On May 25, 2018, the European Union’s General Data Protection Regulation (GDPR) went into effect. This regulation applies to all citizens of the European Union (EU) and dictates how a company may use its clients’ personal data. If a company slips up, the penalties are steep—up to 4 percent of its annual global turnover or €20 million, whichever is greater.
U.S. hoteliers are subject to GDPR when hosting guests from the EU, making an understanding of the regulation and its requirements of the utmost importance. Luckily though, according to Adam Corey, chief marketing officer at Tealium, a San Diego-based company that offers customer data orchestration solutions, big hotel companies were ready for GDPR when it went live. “Major hospitality companies operate around the world, so they were planning for GDPR for a long time,” he says. “However, it did take a little longer for many in the United States to take it seriously. A year later, though, I think that tide is starting to change.”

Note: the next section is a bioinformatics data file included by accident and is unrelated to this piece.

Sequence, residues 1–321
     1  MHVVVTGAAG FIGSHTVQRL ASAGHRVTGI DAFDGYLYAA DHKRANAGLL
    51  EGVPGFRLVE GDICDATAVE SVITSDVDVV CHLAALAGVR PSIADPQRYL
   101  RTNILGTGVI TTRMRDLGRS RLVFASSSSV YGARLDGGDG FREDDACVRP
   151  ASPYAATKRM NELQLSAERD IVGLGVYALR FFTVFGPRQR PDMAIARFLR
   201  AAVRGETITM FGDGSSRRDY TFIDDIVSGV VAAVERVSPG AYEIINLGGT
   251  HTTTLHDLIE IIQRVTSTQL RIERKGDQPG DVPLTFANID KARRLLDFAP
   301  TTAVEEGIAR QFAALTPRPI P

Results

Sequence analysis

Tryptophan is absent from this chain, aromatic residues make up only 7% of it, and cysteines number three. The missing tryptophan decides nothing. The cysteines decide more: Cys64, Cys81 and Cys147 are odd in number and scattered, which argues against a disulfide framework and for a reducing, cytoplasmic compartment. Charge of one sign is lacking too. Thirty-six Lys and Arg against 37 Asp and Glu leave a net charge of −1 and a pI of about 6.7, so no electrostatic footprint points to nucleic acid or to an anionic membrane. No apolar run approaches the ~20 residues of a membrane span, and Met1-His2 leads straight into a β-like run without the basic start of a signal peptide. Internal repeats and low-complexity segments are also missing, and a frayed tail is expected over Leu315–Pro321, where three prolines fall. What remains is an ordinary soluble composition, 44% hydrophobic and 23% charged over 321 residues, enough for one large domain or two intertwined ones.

This is because the United States is sowing its own crop of privacy laws and regulations, which, in turn, tunes businesses more into GDPR. Corey says that a privacy regulation passed in California is due to go into effect in 2020. Many other states are also considering legislation focused on privacy and data regulations. “It’s the new normal,” he adds.
Corey notes that GDPR and the conversation around data privacy can be particularly complicated when it comes to the hotel industry. “Hospitality is a very challenging place to execute initiatives around privacy because hotels want to get to know their guests so that they can better deliver a valuable experience. There’s just a really great case for gathering customer data and using it to improve the guest’s stay,” he says.
Corey recommends that hotels take the time to think about data security across all areas of the industry when developing a compliance strategy. “Hospitality is made up of large, complex organizations with third-party companies in the mix. It is a lot of work to think about all of the moving pieces and build a guest-centric data model that also satisfies compliance requirements.”
As of yet, the hospitality industry has not been a target for GDPR-related fines; however, that will likely change as crackdowns become more frequent. Even so, Corey says that hotel companies should be doing everything in their power to follow these regulations. “There’s no better industry than hospitality to lead on data security initiatives because it is already so invested in consumer relationships. This is just one more way those companies can build their guests’ trust.”